SXSW 2014 | SXSW 2013 | Sound City 2014 | Sound City 2013 | Great Escape 2013

Don't forget to like There Goes the Fear on Facebook and follow us on Twitter! ~TGTF HQ x

Video of the Moment #1192: Muse

 
By on Saturday, 27th April 2013 at 6:00 pm
 

If you’ve never thought the two words ‘Muse‘ and ‘mental’ together, think again. Here is their new video for ‘Panic Station’, filmed in Japan and the band wearing…well, I won’t ruin it for you. Watch it below.

YouTube Preview Image
 

The 2013 BRIT Awards – The Nominees

 
By on Friday, 11th January 2013 at 4:37 pm
 

Is there any point to the BRITs? Granted, it gives a certain demographic of London teenager the opportunity to sting Daddy for the eye-watering £70 ticket price, no doubt getting stuffed with half-term pizza and fructose syrup before spending three hours squealing loudly at microscopic effigies of their latest tabloid-endorsed musical crushes. But beyond that, does any vestige of musical credibility remain within the unhallowed, chart-obsessed recesses of the BRIT Award psyche?

A swift perusal of the nominations, released yesterday, would indicate: maybe, actually. The usual mega-selling suspects are there: Emeli Sandé, Mumford and Sons, Robbie Williams, Olly Murs. But look a little deeper and could there just be enough respect for the breakthrough, even the underground, so that beyond the face paint and lasers, there’s a bedrock of credibility?

Step forward Richard Hawley, the most unlikely of the entire nomination list, proving that the BRITs aren’t immune to a decent bit of ‘70s-throwback guitar action and heart-on-the-sleeve balladry from a bequiffed Yorkshireman. Plan B also deserves a shout for his unflinching portrayal of council estate life in ‘Ill Manors’, which still deserves to make more of an impact than it has.

Jessie Ware gathers two nods, a fine result for her this early in her career, single-handedly making 2011’s Critic’s Choice Award for her namesake Jessie J look ever more ridiculous. The more listeners turned on to her coolly urban soul, the better. Paloma Faith is also up for two gongs – British Female Solo is fair enough, but British Album of the Year for ‘Fall to Grace’, for a collection significantly worse than her début, is deeply suspect. British Group unoriginally throws up two previous Mercury Prize winners: unlikely media darlings alt-J, and minimalist electro-songsters the xx; Muse are nominated for the ninth (and tenth) time, with Mumford and One Direction predictably making up the numbers. A rum collection, if ever there was one, and despite the disparate yet singular talents of each, hardly a state-of-the-nation statement.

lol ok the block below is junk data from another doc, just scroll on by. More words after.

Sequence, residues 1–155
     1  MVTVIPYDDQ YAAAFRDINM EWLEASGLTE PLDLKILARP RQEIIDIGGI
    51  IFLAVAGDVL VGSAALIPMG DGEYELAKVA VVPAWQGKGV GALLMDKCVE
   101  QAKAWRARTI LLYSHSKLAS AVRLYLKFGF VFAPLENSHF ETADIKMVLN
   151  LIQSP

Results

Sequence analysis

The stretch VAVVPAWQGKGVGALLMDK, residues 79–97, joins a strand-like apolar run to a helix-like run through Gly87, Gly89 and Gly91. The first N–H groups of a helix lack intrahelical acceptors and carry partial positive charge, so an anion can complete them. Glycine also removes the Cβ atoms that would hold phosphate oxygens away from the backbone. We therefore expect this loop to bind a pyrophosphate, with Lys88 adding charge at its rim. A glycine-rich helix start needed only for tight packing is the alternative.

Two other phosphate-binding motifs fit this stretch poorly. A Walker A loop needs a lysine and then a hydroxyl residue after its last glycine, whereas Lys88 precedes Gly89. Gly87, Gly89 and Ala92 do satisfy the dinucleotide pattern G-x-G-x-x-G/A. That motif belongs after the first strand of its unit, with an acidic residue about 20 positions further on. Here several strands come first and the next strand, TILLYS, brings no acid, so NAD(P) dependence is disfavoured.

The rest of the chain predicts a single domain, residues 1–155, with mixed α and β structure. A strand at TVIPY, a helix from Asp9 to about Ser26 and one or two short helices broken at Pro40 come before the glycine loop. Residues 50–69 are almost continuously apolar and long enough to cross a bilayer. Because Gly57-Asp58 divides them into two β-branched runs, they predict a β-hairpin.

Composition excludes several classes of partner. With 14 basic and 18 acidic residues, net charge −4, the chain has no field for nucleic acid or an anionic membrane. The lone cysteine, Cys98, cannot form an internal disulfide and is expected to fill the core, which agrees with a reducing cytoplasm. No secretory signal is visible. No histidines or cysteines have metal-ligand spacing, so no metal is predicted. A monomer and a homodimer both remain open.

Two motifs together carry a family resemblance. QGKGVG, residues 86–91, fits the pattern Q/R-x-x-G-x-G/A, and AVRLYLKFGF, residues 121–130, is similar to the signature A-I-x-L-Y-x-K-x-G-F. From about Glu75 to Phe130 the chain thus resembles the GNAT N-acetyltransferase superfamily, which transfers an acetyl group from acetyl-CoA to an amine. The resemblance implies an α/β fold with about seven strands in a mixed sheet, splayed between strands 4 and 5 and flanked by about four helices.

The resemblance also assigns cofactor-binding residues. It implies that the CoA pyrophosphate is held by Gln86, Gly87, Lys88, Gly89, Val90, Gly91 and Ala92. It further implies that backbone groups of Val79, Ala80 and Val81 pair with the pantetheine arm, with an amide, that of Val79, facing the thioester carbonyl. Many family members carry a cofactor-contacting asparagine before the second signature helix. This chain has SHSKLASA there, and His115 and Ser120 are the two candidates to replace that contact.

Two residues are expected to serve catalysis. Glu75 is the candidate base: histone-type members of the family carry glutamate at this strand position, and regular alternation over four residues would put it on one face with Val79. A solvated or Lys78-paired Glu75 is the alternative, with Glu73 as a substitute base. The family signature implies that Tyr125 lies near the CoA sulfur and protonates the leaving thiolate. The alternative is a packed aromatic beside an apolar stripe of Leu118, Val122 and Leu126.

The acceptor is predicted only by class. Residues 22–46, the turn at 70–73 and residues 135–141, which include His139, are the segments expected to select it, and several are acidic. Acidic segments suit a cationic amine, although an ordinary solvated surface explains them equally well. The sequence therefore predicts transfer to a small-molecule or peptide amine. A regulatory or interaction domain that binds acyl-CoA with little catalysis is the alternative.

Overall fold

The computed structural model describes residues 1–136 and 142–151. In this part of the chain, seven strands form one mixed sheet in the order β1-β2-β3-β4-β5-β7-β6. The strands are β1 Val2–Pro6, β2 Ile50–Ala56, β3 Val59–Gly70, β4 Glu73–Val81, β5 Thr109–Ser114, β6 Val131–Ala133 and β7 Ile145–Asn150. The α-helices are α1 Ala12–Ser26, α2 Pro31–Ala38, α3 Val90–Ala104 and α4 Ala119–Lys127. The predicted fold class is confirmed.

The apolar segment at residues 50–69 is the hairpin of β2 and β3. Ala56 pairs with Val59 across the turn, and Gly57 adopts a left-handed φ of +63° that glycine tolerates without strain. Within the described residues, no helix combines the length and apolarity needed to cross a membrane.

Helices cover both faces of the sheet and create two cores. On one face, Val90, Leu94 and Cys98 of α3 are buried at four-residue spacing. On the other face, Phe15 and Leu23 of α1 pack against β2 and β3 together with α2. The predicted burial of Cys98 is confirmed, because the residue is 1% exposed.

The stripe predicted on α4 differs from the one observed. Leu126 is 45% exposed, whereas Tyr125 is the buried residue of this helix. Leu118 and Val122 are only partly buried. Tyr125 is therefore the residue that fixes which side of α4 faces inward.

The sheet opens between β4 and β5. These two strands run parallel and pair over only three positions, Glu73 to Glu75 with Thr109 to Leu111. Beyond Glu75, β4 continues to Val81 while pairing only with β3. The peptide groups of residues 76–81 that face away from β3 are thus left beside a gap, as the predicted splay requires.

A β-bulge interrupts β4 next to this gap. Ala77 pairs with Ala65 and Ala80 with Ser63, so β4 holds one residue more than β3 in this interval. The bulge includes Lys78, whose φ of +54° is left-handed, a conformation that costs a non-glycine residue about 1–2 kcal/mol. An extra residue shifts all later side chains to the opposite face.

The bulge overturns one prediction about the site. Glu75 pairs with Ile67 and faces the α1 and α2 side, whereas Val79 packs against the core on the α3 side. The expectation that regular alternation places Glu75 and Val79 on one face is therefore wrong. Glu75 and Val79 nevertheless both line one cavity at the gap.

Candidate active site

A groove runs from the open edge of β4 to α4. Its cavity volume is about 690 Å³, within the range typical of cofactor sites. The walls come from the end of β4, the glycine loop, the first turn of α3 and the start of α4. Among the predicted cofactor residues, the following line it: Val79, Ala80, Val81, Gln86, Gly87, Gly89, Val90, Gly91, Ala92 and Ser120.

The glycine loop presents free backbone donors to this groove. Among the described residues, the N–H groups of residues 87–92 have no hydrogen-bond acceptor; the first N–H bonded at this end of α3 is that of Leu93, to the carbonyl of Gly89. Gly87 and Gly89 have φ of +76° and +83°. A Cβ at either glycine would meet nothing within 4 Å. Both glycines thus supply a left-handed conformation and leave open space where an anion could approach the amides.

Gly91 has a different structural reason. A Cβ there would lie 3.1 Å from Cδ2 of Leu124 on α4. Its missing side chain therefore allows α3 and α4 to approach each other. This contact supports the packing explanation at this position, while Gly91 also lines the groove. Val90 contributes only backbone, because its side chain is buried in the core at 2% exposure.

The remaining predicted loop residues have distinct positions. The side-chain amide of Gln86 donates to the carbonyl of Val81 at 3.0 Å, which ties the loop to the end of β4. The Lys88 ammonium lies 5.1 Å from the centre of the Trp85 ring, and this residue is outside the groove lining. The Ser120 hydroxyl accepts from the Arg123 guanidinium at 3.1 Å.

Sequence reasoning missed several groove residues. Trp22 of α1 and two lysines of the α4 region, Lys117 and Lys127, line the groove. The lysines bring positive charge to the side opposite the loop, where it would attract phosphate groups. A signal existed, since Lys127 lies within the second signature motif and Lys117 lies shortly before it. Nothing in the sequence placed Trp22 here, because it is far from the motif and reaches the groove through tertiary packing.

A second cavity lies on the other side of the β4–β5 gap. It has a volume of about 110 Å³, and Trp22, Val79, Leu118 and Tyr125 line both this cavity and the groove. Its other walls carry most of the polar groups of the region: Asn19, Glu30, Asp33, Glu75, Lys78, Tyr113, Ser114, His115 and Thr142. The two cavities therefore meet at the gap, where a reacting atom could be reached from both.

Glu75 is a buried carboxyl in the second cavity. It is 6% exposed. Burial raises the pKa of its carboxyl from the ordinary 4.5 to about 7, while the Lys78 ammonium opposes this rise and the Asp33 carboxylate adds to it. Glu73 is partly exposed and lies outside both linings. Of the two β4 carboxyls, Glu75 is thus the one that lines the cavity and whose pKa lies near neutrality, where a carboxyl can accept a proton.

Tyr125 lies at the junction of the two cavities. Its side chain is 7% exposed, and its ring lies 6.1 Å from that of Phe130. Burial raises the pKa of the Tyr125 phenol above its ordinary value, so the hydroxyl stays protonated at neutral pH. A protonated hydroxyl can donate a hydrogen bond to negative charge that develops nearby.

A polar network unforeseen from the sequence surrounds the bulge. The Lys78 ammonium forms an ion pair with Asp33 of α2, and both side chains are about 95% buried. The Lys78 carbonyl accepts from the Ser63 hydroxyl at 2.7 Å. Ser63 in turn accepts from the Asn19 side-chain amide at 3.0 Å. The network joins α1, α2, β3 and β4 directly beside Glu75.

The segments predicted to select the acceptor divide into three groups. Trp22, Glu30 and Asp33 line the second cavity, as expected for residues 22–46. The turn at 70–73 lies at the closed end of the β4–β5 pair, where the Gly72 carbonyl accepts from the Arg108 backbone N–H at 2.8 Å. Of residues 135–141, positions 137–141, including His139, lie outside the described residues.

The British Single category is too depressing to analyse deeply. Suffice to say a more turgid collection of middle-of-the-road dross it’s difficult to conceive. Any list containing the execrable ‘Mama Do the Hump’ by Rizzle Kicks deserves to be encased in concrete and dropped into a very deep hole. Thankfully each of the British Breakthrough nominees have something to commend them, though surely Jake Bugg is the most extraordinary of the lot; his compellingly grizzled, world-weary, yet uplifting take on vintage blues in his debut album means he should have no problem in lifting the spotted statue next month.

Ironically, there’s far less to complain about the International (read: American) nominees. Perhaps it’s because we expect the USA to do bigness well, it’s difficult to complain about someone like Bruce Springsteen being nominated, although one wonders just how much pride of place a BRIT award would take on the dashboard of his pickup truck.

As always, it’s good to see producers, the guys behind the desk who really make the music, getting their opportunity to shine, although it seems somewhat unfair that Damon Albarn should be sharing their limelight – hasn’t he had enough of it by now? If the Albarn effect can be resisted, Paul Epworth should walk away with this one, although personally I prefer listening to his sister’s output to his. And what of Amy Winehouse and The Rolling Stones, both nominated, neither deservedly? Stop it, BRITs! Pick people who are more alive!

The 2013 BRITs take place on Wednesday the 20th of February at London’s O2 Arena. TGTF will be reporting, either from the event itself, or from somewhere else in London more interesting. Watch this space.

Who should win the British Brits, I reckon?

Male Solo: Richard Hawley
Female Solo: Jessie Ware
Breakthrough: Jake Bugg
Group: One Direction
Single: Alex Clare – ‘Too Close’
Album: Plan B – ‘Ill Manors’
Live: Coldplay
Producer: Paul Epworth

Full list of nominees after the jump.
Continue reading The 2013 BRIT Awards – The Nominees

 

Live Gig Video: Muse shares European tour clips, set to new single ‘Follow Me’

 
By on Wednesday, 12th December 2012 at 4:00 pm
 

Muse put together this collection of clips from their recent tour of Europe, set to their new single ‘Follow Me’. It’s like ‘The Resistance’, but without the suspense (because we already know what’s going to happen. Watch it below.

YouTube Preview Image
 

Muse / May and June 2013 English Tour